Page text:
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Jason Unrau

Jason Unrau Freelance Contributor

Exclusive Blog Posts

[Podcast] Establishing Metrics. Are You Focusing on the Right Ones?

[Podcast] Establishing Metrics. Are You Focusing on the Right Ones?

We've discussed the importance of selecting and tracking metrics that allow you to better understand the success of your employees, but how will you kn…

Automotive Retail Misnomers with Micah Birkholz and Dan Moore

Automotive Retail Misnomers with Micah Birkholz and Dan Moore

You can listen to the full podcast here: https://bit.ly/3qHeG87 Don't forget to subscribe to this YouTube channel and to the KPI Cafe on your favori…

How Discomfort Leads To Growth

How Discomfort Leads To Growth

Our Sales Manager, George Benneyworth (with Tucker) has committed to running 4kms every 4 hours for 48 hours during -40 temps. Why?  Because he mad…

8 Benefits of Collaboration

8 Benefits of Collaboration

“Competition makes us faster. Collaboration makes us better.”    I always assumed that collaboration and teamwork were the same t…

Take a 2 Minute Survey. Get a $10 Amazon gift card!

Take a 2 Minute Survey. Get a $10 Amazon gift card!

We are looking to hear directly from dealers with this very short and easy-to-answer survey. Answer a few questions, which only takes about 90 seconds, and…

Are Your Techs Ready for Electric?

Flick on the television today and you get cars coming up in two different scenarios. The first is with commercials, telling you all about the new features on models coming out of the Big Three or one of the other mass-market carmakers. The second category are cars and carmakers that dominate the news, and that happens to be Tesla, Rivian, Fisker, and other EV brands.

The reason mass-market brands are advertising is that there’s serious competition, and these models are in demand. But EVs are in the news because they’re up-and-comers, poised to be disrupters in a very traditional industry.

With Volkswagen committing to 1.5 million EVs by 2025, Tesla becoming the most valuable carmaker despite a very limited stable, and everyone else talking about the importance of electrification, there’s no question: it’s happening. But is your service department ready for it?

The 2025 Goal

I won’t wax poetic and about electric taking over. That’s decades away. But by 2025, there may be as many as 10 percent of the vehicle fleet in America that’s hybridized or fully electric. I’d suggest it’s a good idea to be on pace to equip your shop to handle EVs with that level of adoption.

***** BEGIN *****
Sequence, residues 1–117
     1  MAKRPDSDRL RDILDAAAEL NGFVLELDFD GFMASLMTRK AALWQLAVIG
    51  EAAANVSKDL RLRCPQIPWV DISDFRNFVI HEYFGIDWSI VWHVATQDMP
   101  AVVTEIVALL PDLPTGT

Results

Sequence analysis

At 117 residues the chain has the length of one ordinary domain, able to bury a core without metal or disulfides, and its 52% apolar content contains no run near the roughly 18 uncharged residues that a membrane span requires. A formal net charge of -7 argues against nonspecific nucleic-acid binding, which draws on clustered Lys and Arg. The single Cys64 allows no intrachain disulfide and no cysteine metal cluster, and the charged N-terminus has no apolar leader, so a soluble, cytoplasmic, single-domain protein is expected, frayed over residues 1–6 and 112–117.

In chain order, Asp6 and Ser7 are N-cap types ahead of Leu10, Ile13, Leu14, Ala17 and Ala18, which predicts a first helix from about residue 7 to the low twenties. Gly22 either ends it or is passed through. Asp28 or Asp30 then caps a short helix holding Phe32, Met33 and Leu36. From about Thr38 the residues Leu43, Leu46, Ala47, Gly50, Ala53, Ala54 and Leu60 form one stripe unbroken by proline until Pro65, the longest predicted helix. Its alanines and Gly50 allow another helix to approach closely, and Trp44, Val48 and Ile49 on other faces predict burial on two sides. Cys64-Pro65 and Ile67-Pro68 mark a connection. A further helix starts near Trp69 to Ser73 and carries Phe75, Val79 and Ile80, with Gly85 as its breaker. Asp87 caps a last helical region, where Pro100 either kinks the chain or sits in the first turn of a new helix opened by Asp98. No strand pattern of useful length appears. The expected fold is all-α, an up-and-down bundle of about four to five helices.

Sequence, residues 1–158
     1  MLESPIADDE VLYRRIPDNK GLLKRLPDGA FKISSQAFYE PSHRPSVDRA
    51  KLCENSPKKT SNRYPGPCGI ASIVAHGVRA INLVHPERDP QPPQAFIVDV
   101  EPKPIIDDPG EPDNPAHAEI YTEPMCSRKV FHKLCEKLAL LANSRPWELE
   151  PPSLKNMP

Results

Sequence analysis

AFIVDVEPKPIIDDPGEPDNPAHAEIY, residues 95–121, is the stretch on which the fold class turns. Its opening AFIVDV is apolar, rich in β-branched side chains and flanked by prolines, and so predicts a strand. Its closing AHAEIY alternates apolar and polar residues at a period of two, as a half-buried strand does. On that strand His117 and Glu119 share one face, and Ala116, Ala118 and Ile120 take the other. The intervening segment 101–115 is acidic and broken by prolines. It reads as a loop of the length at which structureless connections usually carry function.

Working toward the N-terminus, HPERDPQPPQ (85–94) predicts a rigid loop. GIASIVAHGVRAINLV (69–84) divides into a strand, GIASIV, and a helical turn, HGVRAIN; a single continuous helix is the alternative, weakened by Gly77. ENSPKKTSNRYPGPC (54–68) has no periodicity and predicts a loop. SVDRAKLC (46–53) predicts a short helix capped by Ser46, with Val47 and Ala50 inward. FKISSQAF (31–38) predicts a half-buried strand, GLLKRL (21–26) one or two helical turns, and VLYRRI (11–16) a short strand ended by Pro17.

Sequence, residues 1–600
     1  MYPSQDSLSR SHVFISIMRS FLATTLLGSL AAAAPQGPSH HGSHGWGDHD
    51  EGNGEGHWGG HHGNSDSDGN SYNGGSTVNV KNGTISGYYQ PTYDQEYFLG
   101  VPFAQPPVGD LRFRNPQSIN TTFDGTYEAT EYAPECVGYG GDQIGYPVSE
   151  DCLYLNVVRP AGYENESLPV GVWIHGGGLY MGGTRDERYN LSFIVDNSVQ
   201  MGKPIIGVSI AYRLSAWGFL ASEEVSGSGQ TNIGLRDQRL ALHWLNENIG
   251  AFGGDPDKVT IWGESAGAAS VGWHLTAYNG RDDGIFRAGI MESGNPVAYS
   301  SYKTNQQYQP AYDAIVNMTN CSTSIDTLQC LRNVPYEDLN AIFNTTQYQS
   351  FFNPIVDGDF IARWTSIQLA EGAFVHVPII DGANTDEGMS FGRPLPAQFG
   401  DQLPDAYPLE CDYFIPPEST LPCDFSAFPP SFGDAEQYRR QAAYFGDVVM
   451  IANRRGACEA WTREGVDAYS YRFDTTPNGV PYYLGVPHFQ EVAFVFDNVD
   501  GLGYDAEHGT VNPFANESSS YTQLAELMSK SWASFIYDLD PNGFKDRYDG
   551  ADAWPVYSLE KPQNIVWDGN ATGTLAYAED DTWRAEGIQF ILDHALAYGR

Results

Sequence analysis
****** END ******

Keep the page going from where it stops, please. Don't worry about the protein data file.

Equip the Shop

EVs have high-voltage systems that won’t just hurt someone if a mistake is made – they’ll kill. Shops should have the safety equipment nearby every stall so techs won’t wander around looking for it before skipping it and getting into dangerous territory. That includes high-quality lineman’s gloves, protective suits, grounding equipment, insulated hand tools, and more.  

Train the Techs

No matter what anyone else says, the most important safety equipment is knowledge. Technicians should be trained on general EV and hybrid safety for OSHA purposes. That goes hand in hand with the direct training they need for any EV models your brand currently has and will have soon.

Ideally, all qualified techs should be trained on EV servicing with a minimum of half. EV customers are discerning and should not have to wait longer than any other car owner to have their vehicle maintained or fixed.  

Get the Message Out

If your service department is one that has prepared for electrification more than the average shop, make your customers and neighborhood aware. Wear it like a badge of honor. Become the recognized EV service facility in your area – not just for your own brand, but for any EV on the market.

It might only be 10 percent of the cars five years from now that are electrified, but that’s a stepping-stone to 20 percent, then 50 percent, and then higher. Stay ahead of the curve to be the dealer everyone chooses for EV servicing, and you’ll be the one they look to for their EV purchases as well.

 

John Brennan

I am an avid electric car advocate but I fail to see why getting certified on all the latest technology to do free factory warranty work behooves anyone.That whole warranty flat-rate system is fraud and scam now.Just because some idiot bought a new car does not mean that I have to fix it for free.Price and wage fixing are felonies!

John Brennan

 I only want to fix old cars and get paid.I am not going to fix your rusty Chinese crap bicycles for free either.

John Brennan

Technicians don't like new cars and free warranty work.Free high voltage work is even worse.

John Brennan

Car salesman would stop selling new cars if they had to fix them for free.

John Brennan

Why does anyone think that the technicians want more new cars to fix for free?

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